Take, for instance, the 1st casualty of the season: Howie. He is a radio personality who was trying to break into tv. He is not a cook. He said as much himself, and then proved it over and over again in the challenges. He even said to the judges that he was a novice. Um, I'm sorry, but who wants to watch a cooking show hosted by someone who, it's very possible, knows even less than they do about cooking? Not I! He clearly had no clue what he was doing, and was a drain on his team (at least, that's how the show's editing made it seem.) In the team challenge, his teammate Jyll had to find him bowls, ice, utensils; had to help him heat oil; had to instruct him on, it seemed, all counts. But when it came time for judging and his teammates didn't have anything to show for themselves since they'd been busy helping him, he said nothing. Before the elimination, when Jyll approached him about how much she'd helped him, he didn't thank her or apologize--he tried pointing out the things he felt he had done and made it seem like she'd done little for him. At elimination, he tried the same tactic. Thankfully, the selection committee saw that he didn't have the cooking chops and cut him, but I couldn't help wondering how he could have even made it to the taping round. Had there not been any better contenders among the audition video entries than him?
Next, there was the obnoxious dude (who is doing double-duty this season as the gourmet chef who thinks he's a food god), Chris, who tried to buy a 6-pack of beer on his team's trip to the market to get their supplies for the challenge. Did I mention that he was planning to use part of the team's food budget for this purchase? And was trying to pressure one of the teammates into not buying a more expensive chocolate for her dessert so that he could get the beer? Well, he was. One of the contestants remarked early on that Chris seemed like a frat boy. That was an accurate description of him. He also tried to start crap with one of his teammates (the ethnic cooker, if you were wondering) about her spicy sauce. He tried pulling rank and saying he wouldn't serve something that would burn the judges' mouths. She had to argue in favor of the bold flavor as it was her cooking type and her contribution. (It was served; the judges enjoyed it.) His brand of obnoxious and his argumentative nature do not seem like they'll become endearing as time goes on. They will merely become more annoying.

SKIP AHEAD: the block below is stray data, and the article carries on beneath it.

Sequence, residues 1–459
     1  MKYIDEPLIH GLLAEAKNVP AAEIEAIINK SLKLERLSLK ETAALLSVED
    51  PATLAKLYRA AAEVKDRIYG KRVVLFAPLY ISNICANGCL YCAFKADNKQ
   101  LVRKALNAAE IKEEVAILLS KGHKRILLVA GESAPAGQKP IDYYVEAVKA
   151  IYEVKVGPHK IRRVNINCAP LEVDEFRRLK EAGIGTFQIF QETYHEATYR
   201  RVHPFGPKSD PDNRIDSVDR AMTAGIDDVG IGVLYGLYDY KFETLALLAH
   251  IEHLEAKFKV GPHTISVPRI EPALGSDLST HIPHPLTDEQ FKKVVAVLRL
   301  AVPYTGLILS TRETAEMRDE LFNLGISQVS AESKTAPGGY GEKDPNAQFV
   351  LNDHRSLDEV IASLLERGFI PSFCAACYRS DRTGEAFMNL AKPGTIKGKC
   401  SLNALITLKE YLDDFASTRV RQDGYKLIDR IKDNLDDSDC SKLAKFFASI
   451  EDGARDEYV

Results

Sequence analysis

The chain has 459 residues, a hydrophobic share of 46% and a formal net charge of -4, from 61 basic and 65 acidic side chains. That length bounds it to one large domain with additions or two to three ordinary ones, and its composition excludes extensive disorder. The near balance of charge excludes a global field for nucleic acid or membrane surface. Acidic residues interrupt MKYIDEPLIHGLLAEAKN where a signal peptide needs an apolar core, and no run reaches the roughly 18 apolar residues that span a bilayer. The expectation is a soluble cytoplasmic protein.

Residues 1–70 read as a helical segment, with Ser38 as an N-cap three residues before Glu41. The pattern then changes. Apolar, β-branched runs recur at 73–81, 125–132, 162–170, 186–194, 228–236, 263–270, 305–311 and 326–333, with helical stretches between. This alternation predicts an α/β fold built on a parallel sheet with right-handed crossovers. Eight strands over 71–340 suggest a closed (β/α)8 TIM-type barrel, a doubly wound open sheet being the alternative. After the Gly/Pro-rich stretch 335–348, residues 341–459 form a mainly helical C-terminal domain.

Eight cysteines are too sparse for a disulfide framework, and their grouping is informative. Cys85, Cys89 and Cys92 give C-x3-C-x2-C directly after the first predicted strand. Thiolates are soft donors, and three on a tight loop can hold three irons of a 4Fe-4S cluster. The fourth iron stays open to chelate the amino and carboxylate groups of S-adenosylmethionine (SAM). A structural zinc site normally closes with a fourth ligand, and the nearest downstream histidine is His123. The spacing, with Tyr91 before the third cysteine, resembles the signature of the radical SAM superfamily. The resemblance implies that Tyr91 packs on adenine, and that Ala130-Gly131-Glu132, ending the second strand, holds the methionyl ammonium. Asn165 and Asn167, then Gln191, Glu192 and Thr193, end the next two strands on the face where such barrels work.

Most notably, however, in unlikeable characters, was a woman who, I think, must have gotten lost on her way over to the Mob Wives taping. A short, dark-haired middle aged woman, Penny showed up in a garish, fuzzy vest-like abomination and animal-print stilettos. Then she took an immediate, catty, and unbecoming dislike to the younger, tall, blond, former-model Alicia. She even remarked that Alicia was tall and blond and her opposite. It seemed quite obvious that she hated Alicia on sight simply because of her appearance, as though jealous of her. Then, in and among her time trying to over-sell her "sexy" food concept (which, also, really doesn't have a place on Food Network), she proceeded to be, well, a real bitch to and about Alicia for the rest of the episode. Penny made snarky comments about Alicia's cooking abilities, was argumentative at the market because Alicia needed "too many" ingredients for her meal (which the judges loved, by the way), was mean about the dessert concept Alicia had come up with for their team, and even appeared to try to sabotage it by letting it boil after being asked to make sure that it didn't. From the look of the previews, it seems like this won't be the last of the cattiness from this chick. I'm not saying I'm Alicia's #1 fan --though, really, she seemed quite harmless and, so far, likeable enough--the animosity coming from Penny was uncalled for, and made her seem like a villain.
As I said before, I don't know exactly why Food Network has decided to go this way in their casting for season 7--perhaps they're trying to stay up with the trends--but I really wish they wouldn't. I was further distressed by their preview montage which advertised more clashing behaviors and incidents coming up this season. Why this new approach? They should really leave the spice and intrigue and trash to the other shows and just concentrate on what has made them successful in the past.
The thought that this shift might be the new norm for this show leaves a bad taste in my mouth.